JAKARTA: Indonesia’s wounded establishment is striking back at Joko Widodo after the former slum child ended years of elite rule with victory in July’s presidential election, handing him a series of early defeats that have sparked concerns for the future of the young democracy.
Widodo enjoyed a meteoric rise through local politics that served as a springboard to the presidency, and is the country’s first leader from outside a small circle of ex-military figures and oligarchs who have ruled Indonesia since the 1998 downfall of dictator Suharto.
The ex-furniture exporter, known by his nickname Jokowi, beat his only rival for the presidency, controversial ex-general Prabowo Subianto, with a man-of-the-people image that helped him overcome his opponent’s well-funded campaign.
When the Constitutional Court rejected Prabowo’s challenge to the results in August, it looked like the end of a closely-fought battle between the old guard and a leader who promised a new, corruption-free style of government for the world’s third-biggest democracy.
Far from it. The large coalition of parties that backed Prabowo, a former son-in-law of Suharto, has defied predictions it would fall apart after the ex-general’s defeat, and is using its majority in parliament to take control of the legislature and pass laws that Widodo’s party oppose.
Observers say not only could Prabowo’s “Red and White” coalition, a nationalistic moniker inspired by the colors of theIndonesian flag, block Widodo’s ambitious reform plans but the ex-general may have a more sinister agenda – to change the constitution and return the country to indirect presidential polls.
Alexius Jemadu, dean of the school of social and political science at Pelita Harapan University, near the capital Jakarta, described recent political developments as “an alarming sign.”
“This is a setback for Indonesian democracy,” he said.
The coalition, which controls over half of parliamentary seats compared to just over a third for parties backing Widodo, made its first strike at the incoming leader with a shock vote late last month to abolish the direct election of local leaders.
The move, which will see top officials selected by local parliaments instead of the public, was criticized as a return to a policy from the time of Suharto.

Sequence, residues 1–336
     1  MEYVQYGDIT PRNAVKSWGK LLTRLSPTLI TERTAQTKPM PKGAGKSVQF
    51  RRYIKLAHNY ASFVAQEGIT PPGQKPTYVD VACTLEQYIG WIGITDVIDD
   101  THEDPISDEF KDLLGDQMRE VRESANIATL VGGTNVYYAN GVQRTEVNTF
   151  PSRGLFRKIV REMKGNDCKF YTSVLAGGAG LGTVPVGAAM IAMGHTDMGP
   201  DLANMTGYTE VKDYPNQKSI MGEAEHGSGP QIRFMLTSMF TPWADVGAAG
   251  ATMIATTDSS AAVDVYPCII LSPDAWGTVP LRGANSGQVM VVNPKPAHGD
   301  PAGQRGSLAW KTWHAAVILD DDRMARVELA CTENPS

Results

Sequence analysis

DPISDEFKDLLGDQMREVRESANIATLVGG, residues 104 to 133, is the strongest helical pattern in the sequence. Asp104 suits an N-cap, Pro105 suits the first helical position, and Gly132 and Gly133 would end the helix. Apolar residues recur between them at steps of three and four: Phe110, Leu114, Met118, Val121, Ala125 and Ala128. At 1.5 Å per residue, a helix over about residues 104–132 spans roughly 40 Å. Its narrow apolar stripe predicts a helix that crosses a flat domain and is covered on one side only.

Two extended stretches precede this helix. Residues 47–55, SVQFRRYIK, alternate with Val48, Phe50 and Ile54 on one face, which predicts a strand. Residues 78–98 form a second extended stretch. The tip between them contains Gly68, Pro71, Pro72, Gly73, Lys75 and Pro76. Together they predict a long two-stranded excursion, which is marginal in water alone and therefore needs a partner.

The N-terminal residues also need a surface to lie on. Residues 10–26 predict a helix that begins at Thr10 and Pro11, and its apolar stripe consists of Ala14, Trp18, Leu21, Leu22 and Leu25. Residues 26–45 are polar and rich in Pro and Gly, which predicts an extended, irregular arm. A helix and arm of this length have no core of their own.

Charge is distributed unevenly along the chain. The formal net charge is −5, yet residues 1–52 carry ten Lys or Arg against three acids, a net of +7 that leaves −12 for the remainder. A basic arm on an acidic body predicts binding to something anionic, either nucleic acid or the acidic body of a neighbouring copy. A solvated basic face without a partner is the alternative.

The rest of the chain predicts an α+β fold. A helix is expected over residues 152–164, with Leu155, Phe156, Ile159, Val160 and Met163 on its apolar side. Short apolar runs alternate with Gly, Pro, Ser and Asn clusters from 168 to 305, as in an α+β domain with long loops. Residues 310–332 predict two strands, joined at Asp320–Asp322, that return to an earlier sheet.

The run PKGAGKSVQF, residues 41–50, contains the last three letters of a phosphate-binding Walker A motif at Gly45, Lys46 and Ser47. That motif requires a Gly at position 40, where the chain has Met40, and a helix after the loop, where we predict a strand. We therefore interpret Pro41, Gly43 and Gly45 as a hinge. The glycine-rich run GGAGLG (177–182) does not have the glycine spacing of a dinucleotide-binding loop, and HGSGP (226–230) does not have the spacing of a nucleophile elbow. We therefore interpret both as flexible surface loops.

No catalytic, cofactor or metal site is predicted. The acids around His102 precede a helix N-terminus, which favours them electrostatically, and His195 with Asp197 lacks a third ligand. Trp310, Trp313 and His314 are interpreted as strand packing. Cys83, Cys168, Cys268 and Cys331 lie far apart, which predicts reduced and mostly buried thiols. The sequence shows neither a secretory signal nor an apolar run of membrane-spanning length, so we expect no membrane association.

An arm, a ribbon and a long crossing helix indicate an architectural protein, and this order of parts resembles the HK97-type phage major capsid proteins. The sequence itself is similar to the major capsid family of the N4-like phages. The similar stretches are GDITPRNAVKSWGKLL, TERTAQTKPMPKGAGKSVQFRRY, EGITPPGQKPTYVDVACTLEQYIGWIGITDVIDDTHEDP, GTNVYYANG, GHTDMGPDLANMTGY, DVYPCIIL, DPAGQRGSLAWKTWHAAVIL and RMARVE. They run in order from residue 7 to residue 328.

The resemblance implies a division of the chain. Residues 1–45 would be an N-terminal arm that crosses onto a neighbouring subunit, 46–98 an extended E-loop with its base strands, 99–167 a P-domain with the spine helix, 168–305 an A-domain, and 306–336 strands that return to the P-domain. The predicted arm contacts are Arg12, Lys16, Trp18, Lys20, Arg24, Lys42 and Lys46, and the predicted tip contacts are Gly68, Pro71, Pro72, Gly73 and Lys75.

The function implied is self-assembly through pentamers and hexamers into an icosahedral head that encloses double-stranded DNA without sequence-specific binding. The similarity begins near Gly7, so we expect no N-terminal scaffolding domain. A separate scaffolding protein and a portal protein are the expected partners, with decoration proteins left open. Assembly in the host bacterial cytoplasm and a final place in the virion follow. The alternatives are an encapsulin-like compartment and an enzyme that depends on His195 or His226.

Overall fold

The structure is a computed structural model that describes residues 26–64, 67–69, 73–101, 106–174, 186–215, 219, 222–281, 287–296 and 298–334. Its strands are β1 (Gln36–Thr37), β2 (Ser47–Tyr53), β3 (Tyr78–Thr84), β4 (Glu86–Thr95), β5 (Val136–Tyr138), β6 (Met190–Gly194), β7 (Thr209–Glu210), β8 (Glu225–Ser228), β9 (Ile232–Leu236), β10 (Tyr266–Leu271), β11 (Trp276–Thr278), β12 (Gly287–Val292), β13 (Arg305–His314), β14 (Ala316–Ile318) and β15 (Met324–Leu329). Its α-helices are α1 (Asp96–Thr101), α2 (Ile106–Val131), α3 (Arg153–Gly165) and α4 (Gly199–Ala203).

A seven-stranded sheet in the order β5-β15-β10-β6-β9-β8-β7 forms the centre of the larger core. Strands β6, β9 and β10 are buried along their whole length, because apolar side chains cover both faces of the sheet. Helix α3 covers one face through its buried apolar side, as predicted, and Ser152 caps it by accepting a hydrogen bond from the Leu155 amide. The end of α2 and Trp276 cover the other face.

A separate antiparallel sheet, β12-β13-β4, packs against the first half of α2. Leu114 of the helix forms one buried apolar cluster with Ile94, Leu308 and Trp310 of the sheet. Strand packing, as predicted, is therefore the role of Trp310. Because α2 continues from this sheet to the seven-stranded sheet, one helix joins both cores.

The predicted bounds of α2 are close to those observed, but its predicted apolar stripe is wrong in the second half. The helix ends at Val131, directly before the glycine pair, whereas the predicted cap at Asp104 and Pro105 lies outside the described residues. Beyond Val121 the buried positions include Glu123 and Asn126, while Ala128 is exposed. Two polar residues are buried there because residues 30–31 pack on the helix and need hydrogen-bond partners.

It was also viewed as an attack on a system that has produced a new generation of leaders, the most famous of which is Widodo himself, who started his political career as a directly elected mayor.
Prabowo’s supporters “want to prevent another upstart like Jokowi from emerging,” said Yohanes Sulaiman, political expert from the Indonesian Defense University.
“Jokowi’s a nobody basically, he’s a poor guy — and he broke the elite,” he added.
Outgoing President Susilo Bambang Yudhoyono, who came in for criticism after his Democratic Party abstained from voting, has issued an emergency decree to annul the law, although parliament could strike this down within a few months.
A week later, the coalition tightened its grip on the legislature at the start of parliament’s new term by having its backers chosen for the key posts of speaker and his deputies in a rowdy opening session.
Attention is now focused on the possibility that Prabowo will seek to dominate the People’s Consultative Assembly, a joint sitting of the lower and upper houses of parliament, which has the power to change the constitution and reintroduce indirect elections for president.
Such a move would see lawmakers in the assembly pick the head of state, a development critics say would concentrate power in the hands of the elite and really drag Indonesia back to the time of Suharto.
Some lawmakers from Prabowo’s coalition have in the past week publicly criticized direct presidential elections. However, a spokesman for the coalition, Tantowi Yahya, insisted that the idea they were intent on changing the polls was “not true.”
Others are more sanguine, and believe that Prabowo’s coalition is still likely to fall apart as some of its members will shift to backing Widodo in exchange for posts in the new Cabinet before his inauguration on October 20.
Whatever happens, most agree that the past two weeks has been a blow to what had previously been looking like a smooth transition of power.
“It’s a very critical period for Indonesia to find some steady course that it can steer, and at the moment that is the last thing that we are getting,” said Keith Loveard, a senior risk analyst at Concord Consulting in Jakarta. AFP